Accounts of harassment and intimidation tied to race, ethnicity or sexual orientation in Wilkes County public schools are told in a new site called “Stop Wilkes Hate” on the social media platform, Instagram.
One of the people responsible for “Stop Wilkes Hate” said it was started this month by current students and recent graduates of Wilkes County high schools to raise awareness of these occurrences in Wilkes schools “because we all know it happens. It just isn’t talked about enough.”
Other objectives are preventing such incidents from “becoming normalized or swept under the rug” and serving as “a vessel for voices of people who aren’t typically heard from or listened to,” said the spokesman.
An introduction with the site says, “Enough is Enough. Our goal is to shine light on the darkness our loved ones have experienced by our neighbors….”
In one “Stop Wilkes Hate” post, a Hispanic person described what happened when she was a homecoming attendant and walked out on the field with her father, a native of Mexico, homecoming night. “When they called my name, I saw the student section raise their Trump flags and I heard many racist comments being made” by students and others in the bleachers.
“I left crying and my dad said he felt embarrassed. The high school posted their student section with the Trump flag on their Instagram. When my mom found out, she contacted the principal multiple times and the principal claimed ‘it would be taken care of.’ ” It took days for the post to be removed, no students were punished and no one apologized, she wrote. When she was an attendant the next year, her father wouldn’t escort her on the field.
Some other posts on the site include:
• “When I was in the eighth grade, a student had been calling me various racist names… after I had repeatedly asked him to stop. When he wouldn’t, I punched him. I had had enough of his harassment. The teacher in the room had said nothing about his bullying. However, I received ISS (in-school suspension) the next day for hitting him. He received no punishment.”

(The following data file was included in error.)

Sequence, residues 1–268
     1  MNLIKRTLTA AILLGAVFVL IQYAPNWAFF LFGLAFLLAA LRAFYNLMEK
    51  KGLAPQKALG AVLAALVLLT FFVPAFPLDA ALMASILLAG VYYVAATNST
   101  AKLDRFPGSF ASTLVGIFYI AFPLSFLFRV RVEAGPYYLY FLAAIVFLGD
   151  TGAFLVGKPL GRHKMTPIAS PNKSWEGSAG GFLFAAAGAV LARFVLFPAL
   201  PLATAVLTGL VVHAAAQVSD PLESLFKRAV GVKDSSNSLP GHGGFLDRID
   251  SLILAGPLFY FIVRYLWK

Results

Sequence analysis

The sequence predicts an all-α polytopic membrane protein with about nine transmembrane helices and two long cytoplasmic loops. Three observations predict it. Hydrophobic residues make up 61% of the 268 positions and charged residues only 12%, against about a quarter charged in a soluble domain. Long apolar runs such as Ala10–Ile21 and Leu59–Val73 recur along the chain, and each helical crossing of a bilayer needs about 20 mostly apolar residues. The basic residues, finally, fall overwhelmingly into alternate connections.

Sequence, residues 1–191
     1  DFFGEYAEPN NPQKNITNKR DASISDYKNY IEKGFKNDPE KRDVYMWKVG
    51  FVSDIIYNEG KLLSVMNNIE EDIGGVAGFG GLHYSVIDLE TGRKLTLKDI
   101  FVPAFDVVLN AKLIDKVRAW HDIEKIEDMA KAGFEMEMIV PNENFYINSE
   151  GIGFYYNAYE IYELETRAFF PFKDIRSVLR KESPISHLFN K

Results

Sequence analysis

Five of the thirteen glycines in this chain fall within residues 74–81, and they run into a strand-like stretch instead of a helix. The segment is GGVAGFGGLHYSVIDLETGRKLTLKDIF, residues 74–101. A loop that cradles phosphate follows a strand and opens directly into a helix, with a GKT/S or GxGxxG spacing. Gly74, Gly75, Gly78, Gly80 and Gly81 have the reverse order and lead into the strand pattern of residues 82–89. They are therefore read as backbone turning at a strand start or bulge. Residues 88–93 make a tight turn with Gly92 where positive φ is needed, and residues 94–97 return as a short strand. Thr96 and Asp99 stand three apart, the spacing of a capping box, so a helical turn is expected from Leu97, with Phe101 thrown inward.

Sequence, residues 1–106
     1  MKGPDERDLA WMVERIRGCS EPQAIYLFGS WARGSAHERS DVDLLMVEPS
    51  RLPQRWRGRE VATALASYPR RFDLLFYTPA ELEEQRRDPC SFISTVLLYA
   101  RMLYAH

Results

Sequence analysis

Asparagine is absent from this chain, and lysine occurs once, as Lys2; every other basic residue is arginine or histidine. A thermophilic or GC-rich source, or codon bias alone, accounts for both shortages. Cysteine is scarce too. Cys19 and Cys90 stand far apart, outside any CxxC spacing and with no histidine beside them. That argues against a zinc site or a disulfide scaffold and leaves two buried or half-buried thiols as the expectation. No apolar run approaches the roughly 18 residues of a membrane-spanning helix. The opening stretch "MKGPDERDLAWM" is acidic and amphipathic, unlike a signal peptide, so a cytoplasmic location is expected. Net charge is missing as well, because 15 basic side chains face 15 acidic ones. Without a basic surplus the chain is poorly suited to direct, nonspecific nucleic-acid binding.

• “In Spanish class my junior year, there were two guys that would yell multiple times a day at me to “sit down (n-word) and just yell (n-word) at me. No one ever said a word; they laughed.”
• “Twice during my four years in the Wilkes County school system, I was outed and subsequently bullied and picked on for being LBTQ.” This person said nothing was done when staff was told about the first incident. The second time, the student was told nothing could be done unless staff saw it happen.
• “Once, a group of boys on a field trip bus called me a “dirty” (n-word). When I told a teacher about this, she asked me what I did for them to call me that. I told her nothing and she said I was lying and to stay away from them.”
Other accounts were put on “Stop Wilkes Hate” as “stories,” so they remained for only 24 hours. These included:
• “Whenever we would play a Wilkes County school my mom would warn me. She was called (n-word) by a girl who went to North Wilkes High during a game. So, Wilkes County has been out of hand for decades.”
• “For as long as I remember, white kids in the WCS (Wilkes County Schools) have used the ‘n-word’ and think they’re so funny.”
• “At West Wilkes, a student named… was allowed to wear a rebel flag hoodie. However, another West Wilkes student was not allowed to wear or show a Mexican flag on school property for Hispanic Heritage Month.”
• “I went to every single middle school dance…. If I ever slow danced with a same-sex friend, they stopped us immediately when there were same-sex couples making out everywhere.”
• “Getting told to jump the border and go back to where I belong.”
• “Took English honors freshman year and was asked why I took honors and if I could understand due to me being ‘Mexican,’ which I’m not. Racist comments were made all the time. I told the teacher and she said, ‘Ignore them. They don’t mean it.’ ”
• “In middle school, someone told me they were going to deport my parents as a joke.”
• “On a school-sponsored trip, I was told (by teachers) to not be too close to friends because people would think we were gay. I expressed that I was uncomfortable with this. Being gay is not something to hide and it was offensive to suggest otherwise. I was literally never treated the same since….”
• “Had a teacher ask me why I wore my hair natural to school because Black girls usually wear weaves. Also, being told in middle school ‘you can’t like him because you’re Black and the races shouldn’t mix.’ ”
Under Title VI of the Civil Rights Act of 1964, school districts must prevent or address any peer-to-peer racial harassment that denies or limits a student’s ability to participate in or benefit from school.